[The following article was written by CanKor Brain Trust member Professor Victor W. Hsu, Korean Development Institute School of Public Policy and Management & Former National Director for North Korea of World Vision International. A shortened version was published as an Opinion piece in the Korea Times. – Miranda]
On March 22, the spokesperson of the Ministry of Unification, Lee Jong-joo announced that “there are no plans for direct government-to-government humanitarian aid” to the Democratic People’s Republic of Korea (DPRK). But the government is “considering when and how to resume humanitarian aid provided by South Korean NGOs.” This is certainly a step in the right direction given that in recent months the Republic of Korea (ROK) government officials have had to encounter enquiries not only by their own civil society but also by other governments and various United Nations officials. Officials from the World Food Programme (WFP) arrive this week to explore the possibility for the ROK to participate in a new round of food aid.
In the coming weeks the pressure is likely to mount on the ROK, especially after the WFP and the Food and Agricultural Organization (FAO) release their findings from a February-March crop assessment mission. Already, Gerald Bourke, Senior Liaison Officer in the WFP Office of the Deputy Executive Director, indicated during a press conference in Beijing on March 19, that the DPRK will face serious shortfalls in the staple. “They’ve had problems with the potato crop, they’ve had problems with the germination of their winter wheat,” he said. The pressure comes in the form of several dilemmas which the ROK officials have to confront.
1st dilemma: Impending Famine
The first is the findings themselves presented by the UN assessment mission and an earlier United States NGO team. Both paint a very bleak picture about the humanitarian crisis looming across the 38th parallel of the Korean peninsula.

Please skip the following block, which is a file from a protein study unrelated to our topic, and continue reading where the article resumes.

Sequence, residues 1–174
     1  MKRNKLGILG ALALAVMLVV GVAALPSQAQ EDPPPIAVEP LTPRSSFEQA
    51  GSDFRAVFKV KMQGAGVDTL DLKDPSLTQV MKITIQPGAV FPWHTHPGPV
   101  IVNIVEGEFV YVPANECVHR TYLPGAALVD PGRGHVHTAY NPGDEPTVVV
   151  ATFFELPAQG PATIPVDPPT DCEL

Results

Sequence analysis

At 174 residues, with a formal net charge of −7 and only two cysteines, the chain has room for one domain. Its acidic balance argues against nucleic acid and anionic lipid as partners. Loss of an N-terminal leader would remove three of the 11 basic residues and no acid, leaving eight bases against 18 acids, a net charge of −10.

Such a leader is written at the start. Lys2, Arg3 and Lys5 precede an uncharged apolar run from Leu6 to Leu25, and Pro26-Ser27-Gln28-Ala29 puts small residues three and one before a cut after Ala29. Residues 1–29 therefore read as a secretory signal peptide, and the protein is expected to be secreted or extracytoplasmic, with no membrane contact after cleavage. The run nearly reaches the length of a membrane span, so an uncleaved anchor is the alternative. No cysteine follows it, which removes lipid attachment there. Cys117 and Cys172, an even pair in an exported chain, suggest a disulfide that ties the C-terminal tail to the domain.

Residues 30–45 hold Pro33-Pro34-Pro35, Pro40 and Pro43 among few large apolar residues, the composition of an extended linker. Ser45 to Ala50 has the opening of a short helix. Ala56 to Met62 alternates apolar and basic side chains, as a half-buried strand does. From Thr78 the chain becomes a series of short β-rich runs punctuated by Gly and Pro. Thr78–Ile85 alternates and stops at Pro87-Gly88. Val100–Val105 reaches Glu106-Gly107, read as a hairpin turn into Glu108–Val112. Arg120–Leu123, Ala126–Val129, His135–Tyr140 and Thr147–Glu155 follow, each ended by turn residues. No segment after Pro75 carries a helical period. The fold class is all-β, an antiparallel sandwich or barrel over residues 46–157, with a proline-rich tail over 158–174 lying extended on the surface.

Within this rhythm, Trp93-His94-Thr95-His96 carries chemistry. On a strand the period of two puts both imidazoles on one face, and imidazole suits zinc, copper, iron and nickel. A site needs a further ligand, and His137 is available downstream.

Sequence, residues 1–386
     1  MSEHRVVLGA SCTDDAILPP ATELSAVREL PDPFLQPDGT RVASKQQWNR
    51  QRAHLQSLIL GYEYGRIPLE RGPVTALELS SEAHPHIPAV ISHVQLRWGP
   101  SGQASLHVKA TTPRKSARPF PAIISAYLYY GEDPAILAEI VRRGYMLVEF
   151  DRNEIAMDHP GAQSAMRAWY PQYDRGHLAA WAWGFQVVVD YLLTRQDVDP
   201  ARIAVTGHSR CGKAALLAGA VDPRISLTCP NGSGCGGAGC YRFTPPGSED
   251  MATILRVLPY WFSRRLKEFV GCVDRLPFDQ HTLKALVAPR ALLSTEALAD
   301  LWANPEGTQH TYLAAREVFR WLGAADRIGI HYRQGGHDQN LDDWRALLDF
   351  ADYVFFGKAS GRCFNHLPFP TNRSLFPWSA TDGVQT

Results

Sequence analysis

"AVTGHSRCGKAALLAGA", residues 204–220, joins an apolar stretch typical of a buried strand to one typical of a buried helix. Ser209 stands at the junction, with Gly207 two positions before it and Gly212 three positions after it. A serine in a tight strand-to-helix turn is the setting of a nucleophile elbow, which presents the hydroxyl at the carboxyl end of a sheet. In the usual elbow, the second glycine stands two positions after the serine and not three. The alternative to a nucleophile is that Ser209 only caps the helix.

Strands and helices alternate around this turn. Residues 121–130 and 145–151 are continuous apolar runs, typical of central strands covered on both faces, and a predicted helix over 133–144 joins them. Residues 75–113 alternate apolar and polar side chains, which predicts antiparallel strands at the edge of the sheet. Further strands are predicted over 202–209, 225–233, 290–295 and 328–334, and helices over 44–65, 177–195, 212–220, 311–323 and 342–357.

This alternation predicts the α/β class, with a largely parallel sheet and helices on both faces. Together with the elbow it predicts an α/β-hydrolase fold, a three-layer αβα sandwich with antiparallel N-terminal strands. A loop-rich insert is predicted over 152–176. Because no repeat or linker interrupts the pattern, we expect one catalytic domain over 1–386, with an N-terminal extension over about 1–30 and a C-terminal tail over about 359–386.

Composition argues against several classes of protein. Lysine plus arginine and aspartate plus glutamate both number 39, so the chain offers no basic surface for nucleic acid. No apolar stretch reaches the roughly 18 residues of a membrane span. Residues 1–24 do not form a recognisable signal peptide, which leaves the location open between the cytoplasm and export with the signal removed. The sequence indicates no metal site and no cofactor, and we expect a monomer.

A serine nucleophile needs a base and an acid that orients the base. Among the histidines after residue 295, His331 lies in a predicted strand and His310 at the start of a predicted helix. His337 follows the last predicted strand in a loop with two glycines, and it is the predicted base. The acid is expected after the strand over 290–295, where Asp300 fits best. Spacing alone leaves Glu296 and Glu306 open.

Among the key UN findings:
- The harvested crop from 2010 will be depleted by end of this April.
- The daily rations have been reduced to 360 grams a day when a healthy adult would need about 1900 grams.
- Children under age five are being treated for malnutrition exhibiting signs of stunting and wasting,
This report supplements an earlier finding about alarming malnutrition in the DPRK by seven experts from five U.S.-based NGOs: Christian Friends of Korea, Global Resource Services, Mercy Corps, Samaritan’s Purse and World Vision. The team traveled to the provinces of North Pyongan, South Pyongan and Chagang over a week period from February 8-15 this year. It found that:
- Heavy rains and flooding in summer 2010 reduced vegetable crops by more than 50 percent in some areas, and adversely impacted rice and corn crops, the main staples of the country,
- The coldest winter in 66 years, destroyed up to 50 percent of spring wheat and barley crops, as well as potato seedlings,
- The total agricultural production for 2010 is reported at 5.12 million metric tons, well below the national food need of 7.93 million metric tons for a population of 24 million people,
- Households in urban and mountainous areas – unlike farming households – rely on the Public Distribution System (PDS) for food. Many such families supplement the insufficient PDS rations by taking food gifts from friends who farm, consuming seed stock, and gathering wild grasses to add to meals.
Can the ROK government consciously and deliberately ignore the tragic plight of the majority of the DPRK people especially the most vulnerable children suffering from severe malnutrition? How can the ROK explain to the international community its rejection to extend a hand of generosity and compassion to the suffering?
2nd Dilemma: Elections
The second major dilemma for President Lee Myung-bak is next month’s elections. While his own Grand National Party appears to be confident of continued majority support of the electorate he is unlikely to reverse his previously and repeatedly stated position towards the North, prior to the elections. He and his cabinet have frequently stated that the DPRK must demonstrate sincerity and good will through concrete actions if it wishes to see a resumption of robust Inter-Korean ties and the Sixty-Party Talks.
3rd dilemma: Inter-Korean Tensions
The third dilemma that the ROK confronts is its unyielding position that improved inter-Korean relations, including humanitarian aid, will be possible only if the DPRK would “sincerely apologize” for the sinking of the ROK frigate, the Choenan, and the shelling of Yeongpyeong Island. The anniversary remembrance of the sailors who died in the Choenan explosion just this month resurfaced the animosity of the ROK citizens towards the DPRK thus making any humanitarian aid to the North politically unpopular. At the same time, it is highly unlikely that the DPRK will offer to apologize for the Choenan sinking because it has strenuously and consistently denied any responsibility.
4th dilemma: Call for Aid Resumption